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The Mostert Group, LLC v. Mostert

Court of Appeals of Kentucky

October 20, 2017

THE MOSTERT GROUP, LLC APPELLANT
v.
PAUL MOSTERT APPELLEE

         APPEAL FROM FAYETTE CIRCUIT COURT HONORABLE THOMAS L. CLARK, JUDGE ACTION NOS. 06-CI-0292 AND 08-CI-06239

          BRIEF FOR APPELLANT: Richard A. Getty Danielle H. Brown Lexington, Kentucky

          BRIEF FOR APPELLEE: Frank T. Becker Lexington, Kentucky

          BEFORE: COMBS, D. LAMBERT AND NICKELL, JUDGES.

          OPINION

          COMBS, JUDGE.

         The Mostert Group, LLC, (TMG), appeals from an order of the Fayette Circuit Court granting partial summary judgment in favor of Dr. Paul Mostert. Based upon our review of the record and the applicable law, we reverse and remand.

         The facts material to the issue to be decided on appeal in this case are not in dispute. Mostert is a retired professor of mathematics. With the assistance of computer programmers at the University of Kentucky and funds from the National Science Foundation's Small Business Innovation Research Program, Mostert developed certain computer software and other technology and intellectual property for the purpose of collecting and analyzing data derived from video images of a Thoroughbred in motion. Mostert used the technology in the operation of a business that purported to utilize observations of a racehorse's "way of going" to evaluate its biomechanical efficiency in order to assist clients in their racing stock and breeding decisions.

         Mostert decided that the business should be operated as a limited liability company with multiple members. In October 2003, TMG was organized. At that time, Mostert and TMG entered into a "Contribution Agreement." Mostert agreed to contribute assets to TMG that included all of Mostert's rights to "computer and telecommunication equipment, software programs, source codes, object codes, information systems, proprietary interfaces, routines, modules, procedures, functions, program specifications and related documentation. . .." (Emphasis added.) In exchange, Mostert accepted 200 shares of stock in TMG; $64, 213.00; and a promissory note from the company.

         Pursuant to the terms of the parties' agreement, TMG executed a $500, 000.00 promissory note payable to Mostert. The final installment of the note's repayment was due on January 1, 2009. TMG's debt was secured by collateral that included "[a]ny and all rights of [Mostert] to the following 'Software, ' and any corresponding patents, trademarks and copyrights: . . ." A second agreement, "the security agreement, " entered into the equation. The security agreement specifically identified the "Software" as: the EquiTrax System; PalmProphet; Compute2000; Old LandScape Model; New LandScape Model; MareMatch 10.2; NetMatch; StalMatch12 Program; and The Mostert Business System.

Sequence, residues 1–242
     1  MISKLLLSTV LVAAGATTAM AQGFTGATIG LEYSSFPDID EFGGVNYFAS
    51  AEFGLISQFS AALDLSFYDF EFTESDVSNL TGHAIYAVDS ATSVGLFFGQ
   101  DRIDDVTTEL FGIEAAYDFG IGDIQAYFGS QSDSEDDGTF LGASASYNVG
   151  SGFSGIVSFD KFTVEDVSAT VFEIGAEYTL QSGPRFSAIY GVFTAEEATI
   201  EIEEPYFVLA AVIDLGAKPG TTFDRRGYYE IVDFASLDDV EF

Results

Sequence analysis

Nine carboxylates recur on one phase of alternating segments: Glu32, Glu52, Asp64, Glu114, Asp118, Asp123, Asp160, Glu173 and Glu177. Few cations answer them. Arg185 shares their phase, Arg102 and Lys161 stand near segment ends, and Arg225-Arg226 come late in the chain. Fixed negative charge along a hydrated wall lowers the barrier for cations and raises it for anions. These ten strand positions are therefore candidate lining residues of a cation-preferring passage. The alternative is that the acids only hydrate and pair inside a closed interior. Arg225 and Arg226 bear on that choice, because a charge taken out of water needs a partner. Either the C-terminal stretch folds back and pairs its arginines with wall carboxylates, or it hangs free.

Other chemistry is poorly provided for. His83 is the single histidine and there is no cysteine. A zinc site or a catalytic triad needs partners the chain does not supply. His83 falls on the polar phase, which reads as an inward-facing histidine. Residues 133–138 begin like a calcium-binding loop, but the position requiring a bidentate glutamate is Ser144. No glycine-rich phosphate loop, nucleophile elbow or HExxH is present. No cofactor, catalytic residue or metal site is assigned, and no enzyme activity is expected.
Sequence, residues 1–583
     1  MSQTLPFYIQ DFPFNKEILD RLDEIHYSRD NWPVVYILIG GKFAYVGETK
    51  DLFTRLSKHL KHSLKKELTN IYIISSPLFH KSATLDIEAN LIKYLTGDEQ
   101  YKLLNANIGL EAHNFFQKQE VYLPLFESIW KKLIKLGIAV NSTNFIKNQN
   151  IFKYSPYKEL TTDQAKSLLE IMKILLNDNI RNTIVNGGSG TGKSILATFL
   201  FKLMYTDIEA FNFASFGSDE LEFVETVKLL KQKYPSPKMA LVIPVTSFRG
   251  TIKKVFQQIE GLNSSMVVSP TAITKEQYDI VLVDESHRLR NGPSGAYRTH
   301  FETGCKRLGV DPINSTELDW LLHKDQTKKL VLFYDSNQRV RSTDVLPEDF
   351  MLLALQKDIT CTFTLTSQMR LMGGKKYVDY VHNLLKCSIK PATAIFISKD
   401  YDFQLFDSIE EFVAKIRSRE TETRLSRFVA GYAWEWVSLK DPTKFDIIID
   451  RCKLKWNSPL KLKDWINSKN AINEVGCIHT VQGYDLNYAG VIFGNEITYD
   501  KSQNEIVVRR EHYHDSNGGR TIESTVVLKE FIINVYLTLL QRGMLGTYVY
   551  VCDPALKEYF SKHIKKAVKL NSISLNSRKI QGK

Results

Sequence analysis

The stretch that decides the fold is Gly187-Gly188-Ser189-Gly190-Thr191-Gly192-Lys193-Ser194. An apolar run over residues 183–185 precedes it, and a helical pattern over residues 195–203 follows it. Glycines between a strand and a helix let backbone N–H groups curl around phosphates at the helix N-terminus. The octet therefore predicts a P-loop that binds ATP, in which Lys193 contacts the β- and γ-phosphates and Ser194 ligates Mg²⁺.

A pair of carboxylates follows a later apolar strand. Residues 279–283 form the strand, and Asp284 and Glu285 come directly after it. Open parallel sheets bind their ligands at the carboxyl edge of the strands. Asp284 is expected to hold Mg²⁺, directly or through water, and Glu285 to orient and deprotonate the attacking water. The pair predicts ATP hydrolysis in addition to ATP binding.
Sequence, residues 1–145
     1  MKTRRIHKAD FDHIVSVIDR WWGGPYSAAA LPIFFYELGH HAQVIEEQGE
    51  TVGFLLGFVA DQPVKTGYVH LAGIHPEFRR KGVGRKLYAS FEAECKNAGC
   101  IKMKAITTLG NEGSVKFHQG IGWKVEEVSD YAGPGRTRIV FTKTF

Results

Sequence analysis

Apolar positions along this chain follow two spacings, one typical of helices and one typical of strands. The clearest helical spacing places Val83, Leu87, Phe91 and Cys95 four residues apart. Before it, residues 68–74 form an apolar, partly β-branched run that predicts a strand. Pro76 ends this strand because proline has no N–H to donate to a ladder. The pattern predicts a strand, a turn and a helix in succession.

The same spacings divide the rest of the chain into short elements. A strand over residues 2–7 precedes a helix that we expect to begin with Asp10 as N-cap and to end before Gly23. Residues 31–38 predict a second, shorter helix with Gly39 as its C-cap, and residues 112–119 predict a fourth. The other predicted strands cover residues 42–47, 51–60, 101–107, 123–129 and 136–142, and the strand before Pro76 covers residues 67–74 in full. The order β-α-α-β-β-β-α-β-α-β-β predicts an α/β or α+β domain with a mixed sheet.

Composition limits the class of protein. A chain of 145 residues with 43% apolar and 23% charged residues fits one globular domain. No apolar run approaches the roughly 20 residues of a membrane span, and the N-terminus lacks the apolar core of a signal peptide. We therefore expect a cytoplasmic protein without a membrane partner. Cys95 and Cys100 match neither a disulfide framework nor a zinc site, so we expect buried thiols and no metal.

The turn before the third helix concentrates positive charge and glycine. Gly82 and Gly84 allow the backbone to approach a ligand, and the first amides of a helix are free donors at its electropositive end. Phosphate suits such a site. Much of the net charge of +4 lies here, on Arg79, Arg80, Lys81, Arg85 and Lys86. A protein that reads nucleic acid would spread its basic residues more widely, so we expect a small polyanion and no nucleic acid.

Under the express terms of the parties' security agreement, Mostert was permitted to perfect his security interest through his possession of the collateral. Mostert also retained possession of the source codes underlying the software products described in the security agreement.

         In 2006, TMG filed a civil action against Mostert. The complaint included claims for misappropriation of trade secrets; breach of contract; fraud; unjust enrichment; breach of fiduciary duty; and conversion. Mostert filed an answer and counterclaim. He claimed that TMG had defaulted on the security agreement and sought judgment and an order that TMG turn over the collateral to a receiver. TMG filed a motion seeking an order requiring Mostert to produce the source codes that he had agreed to transfer to TMG under the terms of the parties' Contribution Agreement. TMG's motion was denied.

         In a civil action commenced in 2008, TMG again alleged that Mostert had failed and refused to deliver the source codes correlated to the EquiTrax software as required by the parties' Contribution Agreement. TMG alleged that its inability to access the source codes had proven detrimental to its business since the software product could not be efficiently updated and enhanced without it. Finally, TMG alleged that under these circumstances and pursuant to the terms of the note, it was entitled to withhold the final installment of its indebtedness. TMG sought a judgment declaring that it was within its rights to withhold the final installment due on January 1, 2009.

         In response, Mostert claimed that he was entitled to retain possession of the source codes as collateral under the terms of the parties' security agreement. While TMG conceded that Mostert may have a security interest in the EquiTrax software product, it argued that he did not have a security interest in the source codes. Ultimately, the circuit court ordered that the 2008 action be consolidated with the 2006 action.

         In April 2014, TMG filed a motion for partial summary judgment on its claims that Mostert had breached the terms of the parties' Contribution Agreement by wrongfully retaining the source codes. Again, Mostert argued that the terms of the security agreement authorized him to retain the source codes as collateral until TMG had paid the debt in full. Following ...


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